The Vegas Golden Knights have purchased the San Antonio Rampage and intend to relocate the team as their new AHL affiliate. That places the St. Louis Blues in an awkward position where they don’t have any immediate answers for their prospects or for their AHL depth beyond the current season.
The Blues were in a similar situation just a few years ago when the league’s expansion to 31 teams left the Blues as the lone team without an AHL affiliate. This shouldn’t be a repeat of that difficult situation as there is an available team – the Chicago Wolves – who could once again serve as the Blues’ affiliate.
But, as many fans may know, the relationship with the Wolves didn’t end well. The Blues were reportedly unhappy with how their players were being used in Chicago. The Wolves wanted to run the team as they saw fit while the Blues wanted to see their prospects used in a particular way. Neither side seemed too happy when the two sides parted ways.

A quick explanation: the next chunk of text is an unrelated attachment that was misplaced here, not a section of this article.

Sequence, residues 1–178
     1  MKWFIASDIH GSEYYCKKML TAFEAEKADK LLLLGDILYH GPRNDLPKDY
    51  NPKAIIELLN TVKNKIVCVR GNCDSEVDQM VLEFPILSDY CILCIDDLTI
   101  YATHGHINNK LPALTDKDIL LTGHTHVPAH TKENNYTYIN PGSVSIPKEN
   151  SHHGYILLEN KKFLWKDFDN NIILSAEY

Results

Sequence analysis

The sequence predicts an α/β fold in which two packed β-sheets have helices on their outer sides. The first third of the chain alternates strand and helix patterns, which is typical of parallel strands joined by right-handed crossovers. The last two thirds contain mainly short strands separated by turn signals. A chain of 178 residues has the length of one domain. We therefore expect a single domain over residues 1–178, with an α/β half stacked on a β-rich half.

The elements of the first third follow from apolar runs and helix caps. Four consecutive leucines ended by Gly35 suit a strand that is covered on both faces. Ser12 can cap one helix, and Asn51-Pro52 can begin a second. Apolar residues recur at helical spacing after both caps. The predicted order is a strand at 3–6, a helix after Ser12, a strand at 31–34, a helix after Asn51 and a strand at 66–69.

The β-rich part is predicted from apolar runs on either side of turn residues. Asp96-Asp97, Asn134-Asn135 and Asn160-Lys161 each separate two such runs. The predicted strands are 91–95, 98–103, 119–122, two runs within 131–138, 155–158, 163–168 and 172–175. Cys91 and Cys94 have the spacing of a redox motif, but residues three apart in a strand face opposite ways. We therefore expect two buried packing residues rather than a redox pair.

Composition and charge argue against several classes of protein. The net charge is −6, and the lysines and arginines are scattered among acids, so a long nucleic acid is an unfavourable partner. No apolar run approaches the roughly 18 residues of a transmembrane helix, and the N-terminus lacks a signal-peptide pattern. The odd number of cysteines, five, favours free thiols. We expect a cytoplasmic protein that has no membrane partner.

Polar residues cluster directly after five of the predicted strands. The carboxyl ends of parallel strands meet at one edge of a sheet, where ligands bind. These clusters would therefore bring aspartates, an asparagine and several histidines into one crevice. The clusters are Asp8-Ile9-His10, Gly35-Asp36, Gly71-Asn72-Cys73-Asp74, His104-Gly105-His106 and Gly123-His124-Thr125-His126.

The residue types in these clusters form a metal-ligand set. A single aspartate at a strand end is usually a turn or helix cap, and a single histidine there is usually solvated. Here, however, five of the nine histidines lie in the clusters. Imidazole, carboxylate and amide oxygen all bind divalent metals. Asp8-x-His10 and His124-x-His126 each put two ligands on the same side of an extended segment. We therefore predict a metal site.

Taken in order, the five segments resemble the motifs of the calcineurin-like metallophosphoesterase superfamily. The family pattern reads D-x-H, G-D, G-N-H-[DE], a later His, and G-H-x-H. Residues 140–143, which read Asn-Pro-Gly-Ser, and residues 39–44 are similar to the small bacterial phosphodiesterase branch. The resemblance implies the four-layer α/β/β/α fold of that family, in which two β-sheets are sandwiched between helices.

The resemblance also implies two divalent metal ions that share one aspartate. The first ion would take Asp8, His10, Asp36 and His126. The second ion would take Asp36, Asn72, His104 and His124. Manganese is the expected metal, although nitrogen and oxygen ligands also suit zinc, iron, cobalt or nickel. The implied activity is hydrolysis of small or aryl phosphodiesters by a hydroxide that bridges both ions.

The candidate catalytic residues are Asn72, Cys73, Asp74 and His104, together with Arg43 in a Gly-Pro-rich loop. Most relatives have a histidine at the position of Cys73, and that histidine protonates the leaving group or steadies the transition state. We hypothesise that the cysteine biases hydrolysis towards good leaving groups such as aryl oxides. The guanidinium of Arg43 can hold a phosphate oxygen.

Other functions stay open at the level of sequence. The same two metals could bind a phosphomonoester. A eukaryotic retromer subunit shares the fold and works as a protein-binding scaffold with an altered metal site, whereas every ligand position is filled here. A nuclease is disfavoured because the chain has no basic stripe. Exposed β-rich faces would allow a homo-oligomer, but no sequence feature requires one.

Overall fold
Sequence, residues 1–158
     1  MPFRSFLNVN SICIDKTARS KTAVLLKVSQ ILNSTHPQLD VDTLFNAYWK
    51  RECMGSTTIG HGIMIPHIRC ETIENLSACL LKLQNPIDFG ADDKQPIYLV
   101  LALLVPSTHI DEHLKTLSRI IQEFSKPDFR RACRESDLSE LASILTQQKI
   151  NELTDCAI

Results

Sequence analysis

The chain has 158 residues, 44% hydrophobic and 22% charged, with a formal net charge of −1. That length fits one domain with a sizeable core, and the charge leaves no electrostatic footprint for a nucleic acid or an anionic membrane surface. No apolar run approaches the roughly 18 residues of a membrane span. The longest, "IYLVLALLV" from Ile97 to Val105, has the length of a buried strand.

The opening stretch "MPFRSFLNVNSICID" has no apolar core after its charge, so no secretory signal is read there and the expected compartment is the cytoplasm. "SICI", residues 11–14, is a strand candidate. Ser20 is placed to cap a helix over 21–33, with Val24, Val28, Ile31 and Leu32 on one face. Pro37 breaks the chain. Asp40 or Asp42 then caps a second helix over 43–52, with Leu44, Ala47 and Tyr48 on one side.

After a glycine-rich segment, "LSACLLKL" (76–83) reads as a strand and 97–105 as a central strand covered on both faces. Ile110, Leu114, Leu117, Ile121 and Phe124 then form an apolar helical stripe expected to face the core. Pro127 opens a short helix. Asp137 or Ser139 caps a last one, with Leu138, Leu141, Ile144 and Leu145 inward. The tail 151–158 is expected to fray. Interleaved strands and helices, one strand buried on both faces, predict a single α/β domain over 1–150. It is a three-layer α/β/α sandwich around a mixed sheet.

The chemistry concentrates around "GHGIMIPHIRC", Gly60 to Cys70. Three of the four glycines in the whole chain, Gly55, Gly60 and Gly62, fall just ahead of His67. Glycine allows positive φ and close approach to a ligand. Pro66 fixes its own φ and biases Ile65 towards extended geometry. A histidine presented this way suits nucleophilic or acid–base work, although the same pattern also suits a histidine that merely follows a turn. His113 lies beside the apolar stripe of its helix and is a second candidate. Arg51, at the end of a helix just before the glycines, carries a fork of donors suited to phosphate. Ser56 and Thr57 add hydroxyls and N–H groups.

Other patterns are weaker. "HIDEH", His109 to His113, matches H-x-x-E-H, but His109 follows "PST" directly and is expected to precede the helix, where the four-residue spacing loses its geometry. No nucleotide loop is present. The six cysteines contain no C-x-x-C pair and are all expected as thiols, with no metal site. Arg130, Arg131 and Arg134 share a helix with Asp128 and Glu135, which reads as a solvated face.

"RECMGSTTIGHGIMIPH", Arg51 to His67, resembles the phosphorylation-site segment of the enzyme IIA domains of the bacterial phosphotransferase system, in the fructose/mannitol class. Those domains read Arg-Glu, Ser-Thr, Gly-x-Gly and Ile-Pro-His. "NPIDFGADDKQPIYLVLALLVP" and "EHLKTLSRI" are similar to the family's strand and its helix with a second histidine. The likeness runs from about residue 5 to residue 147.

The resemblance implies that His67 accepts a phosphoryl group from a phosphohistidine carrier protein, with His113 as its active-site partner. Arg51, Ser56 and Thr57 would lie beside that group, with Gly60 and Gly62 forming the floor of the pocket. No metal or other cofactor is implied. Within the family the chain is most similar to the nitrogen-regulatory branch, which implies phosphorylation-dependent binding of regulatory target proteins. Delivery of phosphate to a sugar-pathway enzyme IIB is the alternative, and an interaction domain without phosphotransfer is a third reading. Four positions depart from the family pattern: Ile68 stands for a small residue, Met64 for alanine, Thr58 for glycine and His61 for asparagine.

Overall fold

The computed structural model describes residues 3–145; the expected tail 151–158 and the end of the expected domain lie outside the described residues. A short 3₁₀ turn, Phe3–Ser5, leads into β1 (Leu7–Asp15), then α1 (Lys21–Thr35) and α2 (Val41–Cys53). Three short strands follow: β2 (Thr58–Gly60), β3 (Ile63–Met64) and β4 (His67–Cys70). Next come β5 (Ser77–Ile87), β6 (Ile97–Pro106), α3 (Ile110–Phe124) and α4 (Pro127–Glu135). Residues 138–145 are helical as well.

Now, the Blues will likely have to mend that relationship ahead of the 2020-21 season. They may have to come to terms that they don’t have much in the way of negotiating power as their decision to not own an AHL franchise leaves them at the mercy of a scenario such as the one where Vegas swooped in to buy their current affiliate. The Blues haven’t owned an AHL team since 2013 when the current owners sold the Rivermen.
The decision to sell the Rivermen was a necessary one in order to move the Blues to Tom Stillman and his ownership group. At the time, the tight finances made the decision an easy one. But being at the mercy of other teams at the AHL level will continue to happen until the Blues decide to lock up a team.
It goes without saying that this is far from ideal. The Blues have been a bit lucky, relatively speaking, to make their AHL level work for as long as they have without owning a team.